While the Cape Town city centre is well known to be “open for business”, it’s also becoming a sought-after home address.
Last year residential property worth R296.4 million was sold in the CBD.
The average property sale price has also crept up from R1.33 million in 2012 to R1.55m last year.
“We firmly believe that the next wave of development - and indeed growth overall in the CBD - will be towards accommodating increasing residential demands.
“This will be from the need for more apartments - hopefully including more affordable purchasing and rental opportunities - to the provision of retail and other facilities to service the needs of this growing population,” said Rob Kane, chief executive of the Central City Improvement District.
According to the CCID’s third State of Cape Town Central City Report, based on online business, residential surveys as well as retail opinion surveys conducted last year, the city centre is gaining traction as a place to live and play, as well as work.
Last year, 191 residential properties were sold, up from 132 in 2012. This aligns with the steady increase in the CBD’s population from just over 5 000 in 2011 to close to 6 000 last year.
Andrew Fleming, CCID researcher and author of the report, said the findings showed that employees were becoming more picky about where they lived. “The CBD offers a unique opportunity to live in a unique urban space.”
It also offers city workers a short commute, and access to public spaces and events such as the First Thursdays initiative where galleries and other venues stay open until late. Most of the people attending these events live in the city centre or city bowl, the study noted.
Fleming said the huge demand for residential space encouraged developers to seek innovative options, such as the conversion of vacant office space into residential units. The average rental for a one-bedroomed city flat last year was R12 889 a month, while a three-bedroomed unit went for at least R27 000.
Generated property rates in the CBD increased from R216m in 2012 to R254m last year.
Meanwhile, the report indicates that the property boom shows no sign of abating, with overall property investment in the CBD hitting the R24 billion mark.
The expansion of the Cape Town International Convention Centre and the new Christiaan Barnard Hospital will pump investment worth at least R2.1bn into the Foreshore over the next two years.
The CTICC 2 is being developed by the City of Cape Town with an investment of R832m, while Netcare is putting R330m into the construction of the state-of-the-art private hospital next door.
According to the report, there is still land available for development in this area. Because it has few heritage restrictions, having been reclaimed from the sea, this part of the city centre is becoming attractive to developers.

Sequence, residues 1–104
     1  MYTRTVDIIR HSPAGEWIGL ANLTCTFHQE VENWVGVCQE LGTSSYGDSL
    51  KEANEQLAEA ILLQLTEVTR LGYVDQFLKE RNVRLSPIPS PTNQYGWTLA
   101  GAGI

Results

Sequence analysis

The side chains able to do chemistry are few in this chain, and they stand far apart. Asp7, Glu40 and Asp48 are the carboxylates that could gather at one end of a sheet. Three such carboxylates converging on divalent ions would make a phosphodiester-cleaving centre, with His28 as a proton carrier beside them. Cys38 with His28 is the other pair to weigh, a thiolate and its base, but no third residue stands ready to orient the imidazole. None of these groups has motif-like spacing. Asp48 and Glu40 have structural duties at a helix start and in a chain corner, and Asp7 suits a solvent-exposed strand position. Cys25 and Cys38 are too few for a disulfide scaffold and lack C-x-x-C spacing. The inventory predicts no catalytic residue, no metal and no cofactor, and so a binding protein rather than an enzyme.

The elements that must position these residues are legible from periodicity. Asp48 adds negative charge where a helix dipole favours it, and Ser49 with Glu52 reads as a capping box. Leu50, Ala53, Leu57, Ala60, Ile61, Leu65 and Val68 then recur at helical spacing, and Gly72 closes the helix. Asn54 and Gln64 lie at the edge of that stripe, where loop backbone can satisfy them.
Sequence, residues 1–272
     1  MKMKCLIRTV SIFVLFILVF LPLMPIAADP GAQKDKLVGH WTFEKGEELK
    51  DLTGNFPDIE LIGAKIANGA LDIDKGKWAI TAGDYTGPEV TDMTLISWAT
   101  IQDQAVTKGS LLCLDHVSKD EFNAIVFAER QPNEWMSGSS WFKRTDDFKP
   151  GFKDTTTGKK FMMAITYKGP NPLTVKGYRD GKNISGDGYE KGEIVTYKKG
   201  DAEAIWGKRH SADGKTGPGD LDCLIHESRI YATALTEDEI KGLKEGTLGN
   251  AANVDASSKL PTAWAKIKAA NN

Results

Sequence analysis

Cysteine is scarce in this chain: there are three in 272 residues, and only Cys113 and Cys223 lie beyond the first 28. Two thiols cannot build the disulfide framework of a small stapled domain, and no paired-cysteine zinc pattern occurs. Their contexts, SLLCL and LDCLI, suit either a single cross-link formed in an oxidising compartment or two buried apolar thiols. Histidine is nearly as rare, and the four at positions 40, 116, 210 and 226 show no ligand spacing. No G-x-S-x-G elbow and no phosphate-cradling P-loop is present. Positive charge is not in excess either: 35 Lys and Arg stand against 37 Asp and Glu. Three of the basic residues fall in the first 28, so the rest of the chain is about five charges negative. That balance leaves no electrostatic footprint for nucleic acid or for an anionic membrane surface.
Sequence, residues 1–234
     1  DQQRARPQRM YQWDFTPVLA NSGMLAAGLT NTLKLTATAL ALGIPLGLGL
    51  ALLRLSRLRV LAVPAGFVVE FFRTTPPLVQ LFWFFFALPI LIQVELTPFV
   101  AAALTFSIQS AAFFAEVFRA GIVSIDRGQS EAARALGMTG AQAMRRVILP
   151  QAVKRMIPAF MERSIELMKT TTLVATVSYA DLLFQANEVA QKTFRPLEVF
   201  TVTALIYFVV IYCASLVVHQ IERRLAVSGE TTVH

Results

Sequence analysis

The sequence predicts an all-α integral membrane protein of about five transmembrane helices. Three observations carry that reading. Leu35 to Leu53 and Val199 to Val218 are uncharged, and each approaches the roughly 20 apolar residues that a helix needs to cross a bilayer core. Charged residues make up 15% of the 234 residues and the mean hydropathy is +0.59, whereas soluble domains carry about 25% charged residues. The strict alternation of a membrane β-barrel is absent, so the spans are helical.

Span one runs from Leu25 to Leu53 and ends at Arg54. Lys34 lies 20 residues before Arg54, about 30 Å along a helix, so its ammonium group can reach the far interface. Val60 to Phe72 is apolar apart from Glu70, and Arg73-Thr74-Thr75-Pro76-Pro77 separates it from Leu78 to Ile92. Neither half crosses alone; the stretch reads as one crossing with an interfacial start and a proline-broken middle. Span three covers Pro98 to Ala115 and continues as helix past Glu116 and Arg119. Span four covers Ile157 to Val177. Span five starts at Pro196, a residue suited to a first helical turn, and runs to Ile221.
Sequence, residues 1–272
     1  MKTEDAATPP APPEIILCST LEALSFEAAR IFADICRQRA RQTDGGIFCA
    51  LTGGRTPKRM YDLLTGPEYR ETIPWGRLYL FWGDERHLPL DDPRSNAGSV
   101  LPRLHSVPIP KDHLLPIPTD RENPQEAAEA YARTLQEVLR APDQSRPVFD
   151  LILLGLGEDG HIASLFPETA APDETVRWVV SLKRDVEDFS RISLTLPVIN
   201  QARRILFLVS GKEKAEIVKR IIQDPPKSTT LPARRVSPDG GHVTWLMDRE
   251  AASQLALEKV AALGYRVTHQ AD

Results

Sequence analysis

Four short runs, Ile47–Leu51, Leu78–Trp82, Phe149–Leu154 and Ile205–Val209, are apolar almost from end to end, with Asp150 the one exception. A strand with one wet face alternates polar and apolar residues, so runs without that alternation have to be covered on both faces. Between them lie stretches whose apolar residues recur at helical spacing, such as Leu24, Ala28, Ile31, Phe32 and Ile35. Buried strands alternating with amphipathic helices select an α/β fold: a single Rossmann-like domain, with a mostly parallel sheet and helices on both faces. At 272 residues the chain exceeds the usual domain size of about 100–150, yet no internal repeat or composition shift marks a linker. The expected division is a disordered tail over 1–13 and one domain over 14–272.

Developers are also taking advantage of the tax incentives associated with the older parts of the city, and several historical buildings are being upgraded.
Portside, with an investment of R1.6bn, became the city’s tallest building when it was completed last year.
Other projects under construction include The Towers on Hertzog Boulevard, with an investment of R498m, the R250m refurbishment of the Southern Cape Sun, and the R210m upgrade of Cape Town station.
The redevelopment of Artscape is being planned, and the project has already been allocated R45.6m by the national government and R14.3m by the Western Cape government. It will get a further R86m this financial year.
The old Tulip Hotel bordered by Buitengracht, Strand, Castle and Bree streets, was demolished this month to make way for a R120m mixed-use development for Accor Hotels. This will include hotel bedrooms, parking, retail, restaurants and meeting facilities.
An unconfirmed investment of R650m will turn 1 Dock Road - an entire city block between Bree, Hans Strijdom, Loop and Mechau streets - into a mixed-use commercial space with a hotel.
Also in the pipeline is the refurbishment of Beaufort House, at a cost of R120m, to accommodate an electricity depot for the city council.
For the first time, the State of the City report includes information about the city’s film and media sector, which contributes R3.5bn to the national economy.
The city centre attracted an average of 30 000 people a month to events and festivals, the report noted. Some of the larger events included the Design Indaba conference, which boasted more than 40 000 visitors to the international convention centre, and the Cape Town International Jazz Festival, which had 37 500 coming through the doors.
The convention centre hosted 535 events, including 33 international conferences, generating almost R3bn in revenue for the province.
While there’s been a slight decline in the number of businesses based in the city centre, business confidence remains buoyant. Nine out of 10 businesses said they were satisfied with their location and 82 percent said urban renewal had invigorated interest in the city as a business destination.
Ninety percent of the city’s A-grade office space is occupied, while overall office occupancy is at 86.6 percent.
Fleming said the power of the CCID’s trending data, captured in various surveys over the past three years, was invaluable. It could be used by investment decision-makers and interest groups wanting to track the growth of the CBD.